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Liyagalawumirr people

Australia 1921 – 1970

Wagilag Creation Story 1963 Place made: Milingimbi, Central Arnhem Land, Northern Territory, Australia
Materials & Technique: paintings, bark paintings, natural earth pigments on eucalyptus bark

Primary Insc: the artist name spelt DAUDI
Dimensions: 110.0 h x 50.0 w cm
Acknowledgement: Acquired by Australian Government before 1970
Accession No: NGA 00.162
Image rights: © Dawidi. Licensed by Viscopy

The Wagilag chronicle concerns two Sisters and the rules of marriage among the Yolngu. In ancestral times, the Sisters had had illicit relationships with their clansmen and so they fled with their children from their home in the east of Arnhem Land. After a long journey they made camp at a waterhole called Mirarrmina which, unknown to them, is the home of an ancestral Rainbow Serpent, Wititj. Annoyed by their presence, the giant Wititj rose into the sky and created the first monsoon by forming clouds with his spittle and flicking his tongue to make lightning.

In order to protect themselves from the storm, the women danced and sang but to no avail. Wititj descended upon them and swallowed them and all their belongings. Satisfied, Wititj rose to the sky once more and boasted of his deeds to neighbouring Rainbow Serpents who made him aware that the Sisters are his relatives—they belong to the same moiety or kin group, and therefore are forbidden food. Wititj became ill, regurgitated the women and fell to the ground.

The act of swallowing and regurgitation is a metaphor for transition and change—for example, Yolngu speak of initiation ceremonies swallowing boys and spitting them out as men. Dawidi’s painting features the graphic structure that identifies paintings about the Wagilag Sisters: the waterhole appears as the semi-circle along the lower margin, from which the Serpent emerges to surround the Sisters and their children. Other details of the story are shown across the bark: the raincloud at the top, the footprints of the women as they danced, clap sticks, and the triangular ground sculpture upon which ceremonies related to the Wagilag are performed.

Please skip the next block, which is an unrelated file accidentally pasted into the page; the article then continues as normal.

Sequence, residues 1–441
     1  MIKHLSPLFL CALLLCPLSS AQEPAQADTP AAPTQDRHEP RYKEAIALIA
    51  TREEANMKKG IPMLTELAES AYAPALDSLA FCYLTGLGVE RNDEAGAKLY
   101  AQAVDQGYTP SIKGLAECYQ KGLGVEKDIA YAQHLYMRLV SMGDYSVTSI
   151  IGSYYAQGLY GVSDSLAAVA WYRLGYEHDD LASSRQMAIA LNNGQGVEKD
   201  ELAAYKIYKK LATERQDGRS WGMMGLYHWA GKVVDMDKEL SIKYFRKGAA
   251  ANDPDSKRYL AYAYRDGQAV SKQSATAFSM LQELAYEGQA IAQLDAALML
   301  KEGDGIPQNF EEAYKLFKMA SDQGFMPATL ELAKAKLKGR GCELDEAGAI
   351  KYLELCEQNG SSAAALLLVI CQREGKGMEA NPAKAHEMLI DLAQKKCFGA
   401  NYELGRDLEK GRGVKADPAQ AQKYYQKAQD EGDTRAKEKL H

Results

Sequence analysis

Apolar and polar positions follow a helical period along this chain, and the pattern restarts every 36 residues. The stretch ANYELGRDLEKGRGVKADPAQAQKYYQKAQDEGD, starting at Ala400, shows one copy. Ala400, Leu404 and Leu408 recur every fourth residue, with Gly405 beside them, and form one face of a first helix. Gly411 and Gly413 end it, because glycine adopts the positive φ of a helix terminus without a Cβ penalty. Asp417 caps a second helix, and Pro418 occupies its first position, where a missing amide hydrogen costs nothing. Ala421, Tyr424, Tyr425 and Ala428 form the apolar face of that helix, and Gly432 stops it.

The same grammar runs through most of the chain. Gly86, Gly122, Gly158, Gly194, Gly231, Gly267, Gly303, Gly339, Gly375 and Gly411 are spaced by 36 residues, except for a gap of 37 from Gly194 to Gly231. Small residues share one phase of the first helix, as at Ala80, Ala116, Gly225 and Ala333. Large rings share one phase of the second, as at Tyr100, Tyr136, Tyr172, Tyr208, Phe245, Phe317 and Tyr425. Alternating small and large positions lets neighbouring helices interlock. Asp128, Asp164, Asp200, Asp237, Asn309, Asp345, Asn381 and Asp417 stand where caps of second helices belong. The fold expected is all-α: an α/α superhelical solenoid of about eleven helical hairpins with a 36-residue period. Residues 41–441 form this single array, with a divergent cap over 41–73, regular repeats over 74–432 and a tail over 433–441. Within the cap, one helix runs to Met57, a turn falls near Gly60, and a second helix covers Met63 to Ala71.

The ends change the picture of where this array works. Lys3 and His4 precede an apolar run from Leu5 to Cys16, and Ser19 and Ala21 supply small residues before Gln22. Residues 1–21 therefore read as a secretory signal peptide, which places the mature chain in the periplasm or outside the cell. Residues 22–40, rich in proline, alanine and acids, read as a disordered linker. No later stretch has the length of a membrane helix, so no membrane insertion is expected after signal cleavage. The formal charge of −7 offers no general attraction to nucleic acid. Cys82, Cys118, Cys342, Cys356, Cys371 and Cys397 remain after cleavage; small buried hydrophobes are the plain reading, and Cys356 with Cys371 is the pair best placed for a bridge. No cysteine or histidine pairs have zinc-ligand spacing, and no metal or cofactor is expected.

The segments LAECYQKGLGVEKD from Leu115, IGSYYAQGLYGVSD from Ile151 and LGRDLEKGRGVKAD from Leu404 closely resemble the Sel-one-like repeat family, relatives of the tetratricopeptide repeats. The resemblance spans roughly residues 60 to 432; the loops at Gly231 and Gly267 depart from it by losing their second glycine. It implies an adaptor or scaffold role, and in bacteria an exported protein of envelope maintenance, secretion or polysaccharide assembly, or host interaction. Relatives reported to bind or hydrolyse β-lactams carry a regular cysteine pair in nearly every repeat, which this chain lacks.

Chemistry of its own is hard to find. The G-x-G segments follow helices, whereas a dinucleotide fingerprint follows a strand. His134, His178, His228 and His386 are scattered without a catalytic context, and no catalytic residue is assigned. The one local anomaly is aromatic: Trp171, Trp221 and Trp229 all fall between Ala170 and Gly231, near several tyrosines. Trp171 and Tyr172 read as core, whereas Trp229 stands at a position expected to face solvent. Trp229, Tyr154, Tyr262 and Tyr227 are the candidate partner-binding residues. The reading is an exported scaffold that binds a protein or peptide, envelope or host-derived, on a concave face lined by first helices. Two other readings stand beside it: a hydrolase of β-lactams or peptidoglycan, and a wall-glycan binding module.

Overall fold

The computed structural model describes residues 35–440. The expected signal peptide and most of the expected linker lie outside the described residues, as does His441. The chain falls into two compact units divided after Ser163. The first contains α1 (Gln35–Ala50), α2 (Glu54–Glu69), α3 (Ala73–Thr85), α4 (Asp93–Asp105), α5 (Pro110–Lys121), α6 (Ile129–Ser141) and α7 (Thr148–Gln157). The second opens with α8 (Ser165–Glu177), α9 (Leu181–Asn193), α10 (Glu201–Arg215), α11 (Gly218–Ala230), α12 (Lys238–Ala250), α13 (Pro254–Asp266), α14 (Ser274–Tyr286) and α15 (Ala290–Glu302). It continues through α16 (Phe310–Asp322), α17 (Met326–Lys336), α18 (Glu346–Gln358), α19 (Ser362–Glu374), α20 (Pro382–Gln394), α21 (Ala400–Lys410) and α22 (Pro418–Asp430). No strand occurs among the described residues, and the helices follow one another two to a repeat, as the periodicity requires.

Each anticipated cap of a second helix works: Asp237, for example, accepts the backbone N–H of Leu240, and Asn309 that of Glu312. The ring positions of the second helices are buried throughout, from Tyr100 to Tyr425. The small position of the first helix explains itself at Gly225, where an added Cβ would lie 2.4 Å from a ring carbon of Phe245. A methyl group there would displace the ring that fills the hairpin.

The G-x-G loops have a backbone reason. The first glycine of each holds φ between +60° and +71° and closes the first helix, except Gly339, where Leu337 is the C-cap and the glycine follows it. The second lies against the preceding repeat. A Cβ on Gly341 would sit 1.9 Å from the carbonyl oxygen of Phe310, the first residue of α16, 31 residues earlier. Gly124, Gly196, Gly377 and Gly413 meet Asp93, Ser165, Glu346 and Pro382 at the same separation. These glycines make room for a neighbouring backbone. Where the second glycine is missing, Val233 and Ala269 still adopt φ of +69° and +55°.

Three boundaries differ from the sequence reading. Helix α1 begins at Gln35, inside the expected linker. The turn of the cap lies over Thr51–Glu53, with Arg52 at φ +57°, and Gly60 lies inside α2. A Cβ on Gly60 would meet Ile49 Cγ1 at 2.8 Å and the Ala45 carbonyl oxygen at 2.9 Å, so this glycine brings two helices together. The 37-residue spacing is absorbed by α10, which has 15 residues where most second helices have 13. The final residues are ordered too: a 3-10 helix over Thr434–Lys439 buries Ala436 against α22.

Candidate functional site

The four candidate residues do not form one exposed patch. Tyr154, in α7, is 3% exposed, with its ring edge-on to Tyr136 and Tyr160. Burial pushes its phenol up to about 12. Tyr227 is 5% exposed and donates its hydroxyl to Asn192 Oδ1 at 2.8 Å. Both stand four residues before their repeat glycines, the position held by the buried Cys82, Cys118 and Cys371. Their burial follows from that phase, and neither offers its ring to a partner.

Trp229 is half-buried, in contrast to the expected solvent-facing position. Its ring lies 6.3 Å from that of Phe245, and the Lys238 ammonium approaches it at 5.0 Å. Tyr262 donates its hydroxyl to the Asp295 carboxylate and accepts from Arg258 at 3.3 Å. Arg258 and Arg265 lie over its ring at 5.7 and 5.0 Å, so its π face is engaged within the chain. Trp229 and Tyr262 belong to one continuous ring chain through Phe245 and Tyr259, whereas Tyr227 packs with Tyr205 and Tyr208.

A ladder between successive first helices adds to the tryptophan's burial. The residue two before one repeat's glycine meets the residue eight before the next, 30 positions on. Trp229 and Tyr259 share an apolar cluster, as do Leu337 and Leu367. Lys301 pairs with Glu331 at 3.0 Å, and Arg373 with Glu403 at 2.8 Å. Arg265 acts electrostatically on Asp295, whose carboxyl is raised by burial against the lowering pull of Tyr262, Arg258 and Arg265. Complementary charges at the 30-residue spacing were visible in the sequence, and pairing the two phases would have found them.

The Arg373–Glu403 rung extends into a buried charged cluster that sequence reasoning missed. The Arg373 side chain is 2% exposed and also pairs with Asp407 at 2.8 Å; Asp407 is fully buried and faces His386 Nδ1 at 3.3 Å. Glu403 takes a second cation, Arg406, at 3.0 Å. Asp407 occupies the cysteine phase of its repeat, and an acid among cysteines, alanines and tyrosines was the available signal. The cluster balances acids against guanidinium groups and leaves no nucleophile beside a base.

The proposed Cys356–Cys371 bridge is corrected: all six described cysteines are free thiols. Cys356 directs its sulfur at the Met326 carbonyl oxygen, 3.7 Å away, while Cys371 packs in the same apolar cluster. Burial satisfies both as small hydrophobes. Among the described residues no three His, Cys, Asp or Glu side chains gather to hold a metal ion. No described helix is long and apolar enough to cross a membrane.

Wally Caruana

Text © National Gallery of Australia, Canberra 2010
From: Franchesca Cubillo and Wally Caruana (eds) Aboriginal and Torres Strait Islander Art: collection highlights National Gallery of Australia, Canberra, 2010

In the 1960s, the Liyagalawumirr artist Dawidi Djulwarak held the supreme authority for painting the story of the climactic events of the encounter between the Wagilag Sisters and Wititj the Olive Python. In this ancestral story, events take place through which key elements of the cosmology of the Yolngu, the inhabitants of Arnhem Land, are set in place. The story of the Sisters and the consequences of their exploits is owned by six clans of Eastern and Central Arnhem Land (the Gälpu, Rirratjingu, Marrakulu, Wagilag and Liyagalawumirr and Golumala).

Through Dawidi’s authority comes the capacity to paint encyclopedic paintings like Wagilag Creation Story,in which the artist condensed as many of the details of the narrative as possible into one painting. From his grandfather, Yilkari (1891–1956), Dawidi inherited a painting tradition which enabled him to represent the multiple events of the story in a uniquely complex manner. By illustrating transgressions, the ancestral story sets the rules for the social and natural world – through the Sisters when they give birth and arouse the Wititj, and through the snake who is shamed when he eats the Sisters, his relatives. Using a distinctive painterly perspective, in which space and time appear to be warped and condensed, Dawidi depicted the elements of the story simultaneously and sequentially, both literally and abstractly, as a key to the artist’s deep knowledge and as a score for ritual performance.

The key to this painting is the semicircular waterhole at the bottom of the painting. It is conceptually the centre of the cosmos, from which the figures depicting the events of the story radiate. Being the artist’s conception site, it is also a representation of Dawidi himself. The mystery in this figure is explained by the fact that the sacred waterhole is also, visually, a mirror. As in all self-portraits, we are invited to see the vantage point from which he experiences his knowledge of the world, as if looking through the artist’s own eyes.

Nigel Lendon 2002

Text © National Gallery of Australia, Canberra 2010
From: Anne Gray (ed), Australian art in the National Gallery of Australia, National Gallery of Australia, Canberra, 2002